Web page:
Mary McNamara, Decade of reality TV glorified the mundane
Chicago Tribune (December 26, 2009)
Balloon Boy, the White
crashers, Octomom, Jon & Kate, Speidi -- nearly 10 years after the
"Survivor" offered us winner and dubious role model Richard Hatch,
reality television remains the genre that just keeps on giving.
Ten years ago, who among us could have imagined a nation riveted by the semi-scripted rantings of various "real" housewives or the emotional and physical exertions of the morbidly obese? (P.T. Barnum being already dead and all.)
Certainly, as a concept, reality programming offers the possibility, and rare actuality, of personal drama and cultural revelation. The various talent competitions -- "American Idol," "So You Think You Can Dance," "Dancing With the Stars," "Project Runway" -- showcase the grueling effort required in the creative process, as well as its often-stunning outcome.
But from the nurse log of "American Idol" and "The Amazing Race" have sprouted all manner of shows in which the time-honored division between fame and notoriety has been unforgivably mangled, creating a pop culture smoothie in which there is not so much flavor as sensation. Raising children, surviving marriage, gossiping with your friends, looking for a job, losing weight and buying expensive things -- most reality shows celebrate nothing quite so much as the utterly mundane.
Which would be great if the message were something like: There is quiet beauty in the ordinary life lived well. But reality show programmers are not, by and large, Transcendentalists. They, and we, are much more interested in the ordinary life lived petulantly -- it wasn't all those kids that kept us tuned in to "Jon & Kate Plus 8." It was all those kids and that veiled hostility between the parents.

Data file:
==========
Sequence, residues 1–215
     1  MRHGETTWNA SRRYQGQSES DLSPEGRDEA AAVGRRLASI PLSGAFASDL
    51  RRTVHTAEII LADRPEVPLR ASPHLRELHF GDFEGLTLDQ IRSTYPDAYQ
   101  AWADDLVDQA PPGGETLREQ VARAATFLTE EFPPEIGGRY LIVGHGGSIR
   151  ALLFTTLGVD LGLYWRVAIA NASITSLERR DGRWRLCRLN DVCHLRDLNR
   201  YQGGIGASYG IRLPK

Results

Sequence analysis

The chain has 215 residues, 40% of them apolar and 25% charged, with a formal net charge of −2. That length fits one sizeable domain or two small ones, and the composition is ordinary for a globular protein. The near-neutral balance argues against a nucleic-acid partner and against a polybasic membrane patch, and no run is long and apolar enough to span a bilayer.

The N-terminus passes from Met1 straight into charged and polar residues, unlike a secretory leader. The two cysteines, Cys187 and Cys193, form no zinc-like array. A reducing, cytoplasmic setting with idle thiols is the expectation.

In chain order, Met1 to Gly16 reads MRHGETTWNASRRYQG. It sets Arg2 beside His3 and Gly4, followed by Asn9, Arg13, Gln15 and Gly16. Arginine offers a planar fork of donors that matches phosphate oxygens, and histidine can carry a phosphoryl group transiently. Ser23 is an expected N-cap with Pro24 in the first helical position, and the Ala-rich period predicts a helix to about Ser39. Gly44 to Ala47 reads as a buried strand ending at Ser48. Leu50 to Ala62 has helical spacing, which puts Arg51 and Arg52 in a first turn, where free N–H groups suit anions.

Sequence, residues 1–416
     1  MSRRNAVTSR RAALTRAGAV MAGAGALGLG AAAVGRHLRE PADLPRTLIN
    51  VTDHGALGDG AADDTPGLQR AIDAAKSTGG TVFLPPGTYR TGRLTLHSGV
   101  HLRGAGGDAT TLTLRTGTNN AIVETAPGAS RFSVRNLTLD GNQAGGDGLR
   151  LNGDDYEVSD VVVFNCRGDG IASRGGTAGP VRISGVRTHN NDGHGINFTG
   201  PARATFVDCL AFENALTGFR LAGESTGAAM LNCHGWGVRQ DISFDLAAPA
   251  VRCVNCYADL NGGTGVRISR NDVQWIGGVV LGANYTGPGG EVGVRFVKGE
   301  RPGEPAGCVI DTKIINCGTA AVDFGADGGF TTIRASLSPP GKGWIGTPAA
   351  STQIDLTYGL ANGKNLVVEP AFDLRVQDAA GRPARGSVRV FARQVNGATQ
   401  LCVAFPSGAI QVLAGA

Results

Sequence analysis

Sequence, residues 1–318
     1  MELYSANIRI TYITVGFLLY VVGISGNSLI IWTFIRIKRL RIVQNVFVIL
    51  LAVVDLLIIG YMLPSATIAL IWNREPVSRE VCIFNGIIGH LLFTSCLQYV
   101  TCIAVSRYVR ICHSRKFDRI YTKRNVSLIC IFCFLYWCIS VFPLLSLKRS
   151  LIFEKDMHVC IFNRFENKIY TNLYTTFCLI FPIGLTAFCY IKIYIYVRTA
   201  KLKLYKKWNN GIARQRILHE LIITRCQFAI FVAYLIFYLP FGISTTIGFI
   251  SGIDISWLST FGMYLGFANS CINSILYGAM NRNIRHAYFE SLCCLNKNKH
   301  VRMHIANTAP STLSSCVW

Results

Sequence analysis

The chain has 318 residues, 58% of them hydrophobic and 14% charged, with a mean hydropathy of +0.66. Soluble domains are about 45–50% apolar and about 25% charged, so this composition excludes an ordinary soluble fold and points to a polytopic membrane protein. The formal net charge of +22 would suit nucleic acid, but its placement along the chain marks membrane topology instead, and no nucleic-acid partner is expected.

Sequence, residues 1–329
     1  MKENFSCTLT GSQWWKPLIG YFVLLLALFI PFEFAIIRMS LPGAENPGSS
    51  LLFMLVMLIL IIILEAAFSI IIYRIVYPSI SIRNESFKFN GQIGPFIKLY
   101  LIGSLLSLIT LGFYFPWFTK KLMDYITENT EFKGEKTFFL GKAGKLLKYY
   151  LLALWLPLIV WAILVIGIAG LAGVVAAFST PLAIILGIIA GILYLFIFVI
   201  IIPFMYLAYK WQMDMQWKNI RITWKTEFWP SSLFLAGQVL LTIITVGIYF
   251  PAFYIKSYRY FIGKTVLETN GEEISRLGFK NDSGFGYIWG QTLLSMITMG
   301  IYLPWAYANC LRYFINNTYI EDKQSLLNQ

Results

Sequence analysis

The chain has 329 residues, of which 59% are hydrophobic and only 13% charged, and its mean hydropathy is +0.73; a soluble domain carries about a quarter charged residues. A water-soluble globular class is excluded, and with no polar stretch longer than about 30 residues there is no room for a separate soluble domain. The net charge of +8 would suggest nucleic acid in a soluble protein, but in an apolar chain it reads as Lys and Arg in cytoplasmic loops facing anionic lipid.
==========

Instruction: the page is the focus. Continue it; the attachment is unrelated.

Society has always celebrated people of little or no actual accomplishment -- before there was Kate Gosselin, there was Evelyn Nesbit. But Nesbit at least was involved in the murder of famous architect Stanford White; her story provided a tantalizing glimpse of the imagined and possibly real depravity of the cloistered cultural elite. The Gosselins have done nothing more than reproduce and split up, offering no particular insight on either topic.
But the point of these shows is not illumination but reassurance. We call them our guilty pleasures, and there's a reason for that. Too many reality shows and their "stars" have become the small, dim mirrors in which we examine ourselves, finding comfort in the fact that if banality is televised, perhaps it isn't such a bad thing after all. Excellence is hard to achieve; why go to all that trouble when mediocrity will make you just as famous?
To a certain extent, reality television reflects our fairly recent obsession with full and electronically instant disclosure. We have become a nation of memoirists, obsessed with examining every previously shameful inch of our social intestinal tract. My alcoholism, your gender confusion, his sex addiction, her binge eating, their dysfunctional family. And every issue has its own show.